Strontium sulfide, a material that can emit corrosive gases in moist air, was found at trace levels in testing of Chinese-made drywall, the Florida Department of Health said.
The drywall samples gave off a sulfurous odor when heated, and in at least one case, sulfide gases corroded copper coils in an air conditioner of a Florida home containing Chinese drywall, said the department, which commissioned the study. But more testing is needed to determine whether strontium sulfide was causing the odor and contributing to the corrosion, the department said. And more tests are required to determine whether the drywall poses a threat to human health — a process that probably will take at least several months, state toxicologist Dr. David Krause told reporters Monday. “It’s very hard to predict when we’ll have the answers [relating to possible health hazards]. … We’re moving as quickly as possible,” Krause said. Homeowners’ lawsuits against certain manufacturers and suppliers contend the drywall has caused them to suffer health problems such as headaches and sore throats, and left them facing huge repair expenses. The drywall is alleged to emit sulfur-based gases that smell of rotten eggs and corrode piping and wiring, causing electronics and appliances to fail. The Florida Department of Health said complaints there generally involve homes built between 2004 and 2007, around the time a building boom and post-hurricane reconstruction caused a U.S. drywall shortage and spurred builders to use imports.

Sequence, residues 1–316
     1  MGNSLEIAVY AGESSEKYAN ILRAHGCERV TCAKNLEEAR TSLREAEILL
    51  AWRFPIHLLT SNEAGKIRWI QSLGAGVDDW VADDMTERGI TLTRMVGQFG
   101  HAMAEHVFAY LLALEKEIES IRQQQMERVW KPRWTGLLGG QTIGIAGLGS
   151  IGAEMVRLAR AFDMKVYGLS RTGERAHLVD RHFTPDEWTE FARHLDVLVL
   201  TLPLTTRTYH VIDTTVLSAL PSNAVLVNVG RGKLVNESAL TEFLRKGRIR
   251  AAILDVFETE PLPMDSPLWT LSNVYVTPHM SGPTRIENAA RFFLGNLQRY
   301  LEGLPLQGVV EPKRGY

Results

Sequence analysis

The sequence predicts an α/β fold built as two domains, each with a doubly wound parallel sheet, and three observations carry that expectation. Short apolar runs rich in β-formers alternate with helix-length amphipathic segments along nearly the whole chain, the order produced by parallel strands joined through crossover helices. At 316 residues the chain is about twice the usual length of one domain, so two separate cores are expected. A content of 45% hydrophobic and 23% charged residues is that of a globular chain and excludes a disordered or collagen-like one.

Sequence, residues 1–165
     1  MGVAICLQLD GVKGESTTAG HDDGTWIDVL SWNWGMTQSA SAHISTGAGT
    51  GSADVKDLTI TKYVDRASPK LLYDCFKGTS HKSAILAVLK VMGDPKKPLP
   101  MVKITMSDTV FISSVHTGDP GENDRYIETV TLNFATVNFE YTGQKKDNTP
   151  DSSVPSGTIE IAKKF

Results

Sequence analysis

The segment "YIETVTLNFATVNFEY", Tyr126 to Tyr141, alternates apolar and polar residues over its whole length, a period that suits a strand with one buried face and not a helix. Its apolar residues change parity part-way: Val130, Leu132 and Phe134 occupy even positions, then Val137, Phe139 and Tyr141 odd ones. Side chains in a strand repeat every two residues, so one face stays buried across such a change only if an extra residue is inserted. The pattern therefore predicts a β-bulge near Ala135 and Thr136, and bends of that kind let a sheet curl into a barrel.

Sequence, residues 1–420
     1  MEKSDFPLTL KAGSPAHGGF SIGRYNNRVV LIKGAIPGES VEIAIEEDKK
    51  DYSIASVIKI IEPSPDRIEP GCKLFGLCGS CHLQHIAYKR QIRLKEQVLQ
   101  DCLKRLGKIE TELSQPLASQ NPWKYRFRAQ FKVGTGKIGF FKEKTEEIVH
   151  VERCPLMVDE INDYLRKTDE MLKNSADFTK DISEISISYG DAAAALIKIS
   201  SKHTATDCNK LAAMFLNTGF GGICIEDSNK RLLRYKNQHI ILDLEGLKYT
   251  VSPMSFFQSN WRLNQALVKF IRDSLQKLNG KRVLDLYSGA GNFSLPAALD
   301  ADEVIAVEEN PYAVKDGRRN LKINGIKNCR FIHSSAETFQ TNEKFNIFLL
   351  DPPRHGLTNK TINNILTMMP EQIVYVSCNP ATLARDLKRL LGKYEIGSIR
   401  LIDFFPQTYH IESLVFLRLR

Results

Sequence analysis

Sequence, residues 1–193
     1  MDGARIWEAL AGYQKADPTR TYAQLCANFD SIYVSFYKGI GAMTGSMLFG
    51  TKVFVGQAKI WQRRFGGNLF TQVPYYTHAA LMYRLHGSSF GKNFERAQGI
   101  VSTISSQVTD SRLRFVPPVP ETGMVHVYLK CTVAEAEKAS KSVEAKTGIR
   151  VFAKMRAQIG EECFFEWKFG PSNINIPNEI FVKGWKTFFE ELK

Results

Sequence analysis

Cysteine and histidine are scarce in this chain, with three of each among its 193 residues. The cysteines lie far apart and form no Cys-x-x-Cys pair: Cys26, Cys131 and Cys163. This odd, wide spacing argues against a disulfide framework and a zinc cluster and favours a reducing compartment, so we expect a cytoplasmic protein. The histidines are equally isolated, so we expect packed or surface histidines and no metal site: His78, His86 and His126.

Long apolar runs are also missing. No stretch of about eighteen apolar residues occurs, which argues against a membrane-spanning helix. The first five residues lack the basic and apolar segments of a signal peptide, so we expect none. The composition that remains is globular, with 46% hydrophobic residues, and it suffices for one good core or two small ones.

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The latest tests did not deal with air quality inside affected homes, and previous third-party testing has “not identified any concentrations of chemicals that are in the homes that are at a level … that would pose a specific health risk,” Krause said. “That isn’t saying we’ve declared it safe,” Krause said. “We are continuing the evaluation and moving forward on a much more in-depth and broad scope of the investigation.” The latest testing, commissioned by the Florida Health Department and conducted by private laboratory Unified Engineering Inc. of Illinois, found that three samples of what the department believes is Chinese-manufactured drywall had “several physical and chemical differences” from a fourth, U.S.-manufactured drywall sample, Krause said. The samples suspected to be from China contained trace levels of strontium sulfide, and the U.S.-made product did not, according to Unified’s report. Strontium sulfide can react in moist air to form hydrogen sulfide — a gas that smells like rotten eggs, according to the Web site of the National Oceanic and Atmospheric Administration. Hydrogen sulfide is corrosive, according to a Web page of the Occupational Safety and Health Administration. Exposure to low levels of the gas “may cause irritation to the eyes, nose or throat … [and] may also cause difficulty breathing for some asthmatics,” according to the federal Agency for Toxic Substances and Disease Registry. Two of the China samples were marked as having been made in China or by a Chinese manufacturer. The other was unmarked, but the department believes it to be Chinese-made because it appears to “have many of the same physical and chemical characteristics” of the other two products, Krause said. The Chinese-made drywall emitted a sulfurous odor when exposed to extreme heat in testing, while the U.S.-made product did not, according to Unified’s report. However, the report doesn’t conclude that the strontium sulfide contributed to the odor. “Because initial tests only detected small quantities of this substance, further tests are necessary to determine if it is the cause of odors and corrosive gases,” Krause said. Unified also found that the outer paper and core of two samples — a piece of Chinese-made drywall and a piece of the U.S.-made drywall — emitted trace levels of hydrogen sulfide and two other volatile, sulfur-containing gases when put into a chamber and exposed to 95 percent humidity. However, because the U.S. sample came from a home that also had Chinese-made drywall, cross-contamination could have occurred. More testing is needed, Krause said. One of the emitted gases was carbon disulfide, Unified’s report said. Breathing it at low levels for long periods “may result in headaches, tiredness, trouble sleeping and slight changes in the nerves,” according to the Web site of ATSDR, which is part of the U.S. Department of Health and Human Services. The emission tests were useful in determining what the drywall may produce, but conclusions cannot be drawn about health risks, Krause said. That’s in part because the concentrations of emissions captured in laboratory testing are not useful to determine what concentrations would be found in the much larger volume of air in homes, he added. “We shouldn’t interpret it for anything at this point,” Krause said. “These are not exposure measurements.” The Unified test results showed that heat and humidity play a key role in getting the drywall to emit the odors. “This may explain why the problem has developed in South Florida first, where hot and humid conditions prevail,” Krause said. A Unified test also showed that sulfide gases in a Florida home that contained Chinese-made drywall were the main reason that an air conditioner’s copper tubing corroded, Krause said. The report did not say whether the gases came from the drywall. Earlier testing by ENVIRON International, a private consulting firm hired by a Florida-based homebuilder, found that certain drywall manufactured in China was emitting sulfur gases capable of ruining copper coils in air-conditioning systems. However, it said it found air samples in the homes showed no indication that health hazards existed. The Consumer Product Safety Commission is “already sending additional experts from headquarters to Florida to further our investigation,” commission spokesman Joe Martyak said Monday.